Orlando Luis Pardo Lazo
Before Facebook, I met Eliécer Jiménez only once, in an alternative cultural debate in Camagüey, three years ago. He was somewhat shy, but resolute in his urge to be creative in cinematographic terms. No money, no contacts, no political pedigree. A dreamer in a province that looked so asleep. Hope in Cuba today usually depends precisely on awakening in the middle of hopelessness.
We were in the house of Henry Constantín, a common friend and social activist that holds the record of being expelled from different Cuban universities three times, from Santiago de Cuba to La Habana, as despotism is quite equitable throughout the Island. Those public meetings in private are still being held there, with the name of Hora Cero / Zero Hour, a concept that connects with the notion of starting from zero in a society so afraid of citizen initiatives. Zero Hour is in fact an independent space with a lot of communicating vessels with my literary generation called Year Zero, of which I have recently compiled a narrative anthology translated into English by O/R Books in New York.
During some time I confess that I forgot completely about Eliécer Jiménez. His first films, short and sharp, reached me before I had the chance to remember that he was the same brilliant young man of the autumn of 2011, coincidentally around this date.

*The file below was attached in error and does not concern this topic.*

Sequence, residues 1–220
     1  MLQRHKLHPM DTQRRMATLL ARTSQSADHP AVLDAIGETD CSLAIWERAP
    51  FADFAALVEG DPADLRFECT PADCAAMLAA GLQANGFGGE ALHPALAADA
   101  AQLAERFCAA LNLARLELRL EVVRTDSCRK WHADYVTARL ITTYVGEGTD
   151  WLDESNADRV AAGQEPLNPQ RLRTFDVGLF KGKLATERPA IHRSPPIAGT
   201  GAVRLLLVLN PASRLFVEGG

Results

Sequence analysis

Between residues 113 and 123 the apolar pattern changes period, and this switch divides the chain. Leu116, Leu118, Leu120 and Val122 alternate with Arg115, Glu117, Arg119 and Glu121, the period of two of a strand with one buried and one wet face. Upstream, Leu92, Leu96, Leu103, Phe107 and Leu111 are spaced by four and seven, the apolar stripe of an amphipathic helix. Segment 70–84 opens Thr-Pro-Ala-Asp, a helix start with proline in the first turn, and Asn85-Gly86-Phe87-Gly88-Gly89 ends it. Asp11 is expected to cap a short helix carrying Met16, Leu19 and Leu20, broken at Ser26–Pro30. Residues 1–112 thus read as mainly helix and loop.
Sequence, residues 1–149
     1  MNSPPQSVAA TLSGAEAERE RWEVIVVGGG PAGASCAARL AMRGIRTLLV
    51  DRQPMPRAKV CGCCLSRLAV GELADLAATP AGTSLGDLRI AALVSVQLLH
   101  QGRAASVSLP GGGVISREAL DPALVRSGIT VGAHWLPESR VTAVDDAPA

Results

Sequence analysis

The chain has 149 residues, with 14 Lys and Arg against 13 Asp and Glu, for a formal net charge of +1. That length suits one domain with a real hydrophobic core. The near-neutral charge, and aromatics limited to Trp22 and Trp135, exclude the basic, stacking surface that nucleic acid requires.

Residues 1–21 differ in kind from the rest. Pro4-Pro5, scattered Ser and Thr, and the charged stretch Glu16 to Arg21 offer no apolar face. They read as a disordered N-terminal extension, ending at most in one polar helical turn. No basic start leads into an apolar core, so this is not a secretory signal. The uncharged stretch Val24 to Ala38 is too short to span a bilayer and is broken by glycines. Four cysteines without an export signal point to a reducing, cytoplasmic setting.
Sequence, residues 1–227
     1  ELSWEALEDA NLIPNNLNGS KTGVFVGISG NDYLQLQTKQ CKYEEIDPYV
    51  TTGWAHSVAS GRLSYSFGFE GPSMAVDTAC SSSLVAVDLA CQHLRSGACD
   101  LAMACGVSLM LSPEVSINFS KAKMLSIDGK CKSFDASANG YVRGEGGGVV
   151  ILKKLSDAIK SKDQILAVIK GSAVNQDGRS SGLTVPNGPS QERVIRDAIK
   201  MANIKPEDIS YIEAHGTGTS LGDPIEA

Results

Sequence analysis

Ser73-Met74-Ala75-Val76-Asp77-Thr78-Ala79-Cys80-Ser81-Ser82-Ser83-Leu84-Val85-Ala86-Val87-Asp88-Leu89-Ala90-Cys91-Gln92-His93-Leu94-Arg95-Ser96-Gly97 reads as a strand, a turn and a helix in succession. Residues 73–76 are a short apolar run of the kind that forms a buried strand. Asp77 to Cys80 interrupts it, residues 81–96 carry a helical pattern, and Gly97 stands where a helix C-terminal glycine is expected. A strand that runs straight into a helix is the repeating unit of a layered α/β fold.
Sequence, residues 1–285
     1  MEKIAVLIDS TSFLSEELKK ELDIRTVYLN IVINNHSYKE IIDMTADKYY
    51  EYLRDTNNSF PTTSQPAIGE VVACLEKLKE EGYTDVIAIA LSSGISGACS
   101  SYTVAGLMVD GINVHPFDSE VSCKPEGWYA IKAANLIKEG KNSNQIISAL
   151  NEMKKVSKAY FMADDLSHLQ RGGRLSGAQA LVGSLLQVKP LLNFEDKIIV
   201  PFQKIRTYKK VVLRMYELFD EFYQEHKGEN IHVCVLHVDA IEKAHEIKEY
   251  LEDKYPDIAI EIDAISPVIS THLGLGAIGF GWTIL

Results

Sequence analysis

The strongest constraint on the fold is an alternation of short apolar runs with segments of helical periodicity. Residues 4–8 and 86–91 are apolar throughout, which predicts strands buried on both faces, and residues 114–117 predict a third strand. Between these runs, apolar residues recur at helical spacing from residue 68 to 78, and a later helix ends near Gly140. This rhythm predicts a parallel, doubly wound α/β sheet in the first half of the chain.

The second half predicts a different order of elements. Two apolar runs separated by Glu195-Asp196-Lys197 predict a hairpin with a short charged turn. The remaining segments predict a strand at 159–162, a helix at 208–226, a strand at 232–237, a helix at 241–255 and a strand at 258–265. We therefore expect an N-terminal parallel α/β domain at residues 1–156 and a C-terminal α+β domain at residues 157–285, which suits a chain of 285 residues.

I still do not know whether I liked or not his bold visual improvisations. “Free cinema” (or maybe freak cinema, just one minute of a version of our own wall of wails); “Usufruct” (about the limitations in the once solvent Camagüey of the reforms imposed by Raul Castro, also known as Raulforms), “Ice Age” (a naturalistic estrangement filmed inside a domestic freezer), “The face of water” (reflecting on the reflections caused by waste waters running or stagnated on the asphalt), “Wet feet, dry feet” (another documented-in-detail minute focused on floors and social inertia), “Ideological deviation” (a close-up to a rather erotic pair of lips chewing a most likely American gum), “Verdadero Beach, the people’s beach” (not the touristic Varadero but “verdadero”, which means “the real thing” and immediately remits to “vertedero”, that is: a rubbish dump where pigs and humans share a happy bath in the Caribbean), and, of course, the climactic confusion that we are going to sufferenjoy today, Entropy, where the script-writer and director and editor, all in one in the conception of Eliécer Jiménez, decide not to film at all, but to bring provocatively together one hour of fragmentary light and sound from our audiovisual memory, in a virtual cut-up or unpredictable patching of pixels and collage of clicks, among other anachronistic notions in a nation without internet.
Eliécer Jiménez has an underground personal producer that is identified as Ikaik, with two uncommon K’s, in a Kafkaesque allegory to ICAIC, with two Cuban C’s, and this could perfectly be the only one producer in the planet without other budget than his own pockets full of illusion. Nevertheless, many of his documentaries have obtained national awards, like those granted by the Cine Plaza in Havana, by the Sur Imagen film festival in Cienfuegos, by SIGNIS the World Catholic Association for Communication, by the extinct Poor Cinema Festival in Gibara (province of Holguín), and by the quasi-extinct International of School of Cinema and TV in San Antonio de los Baños (Havana province), gone with García-Márquez as one of the tokens of the Castrozoic Era.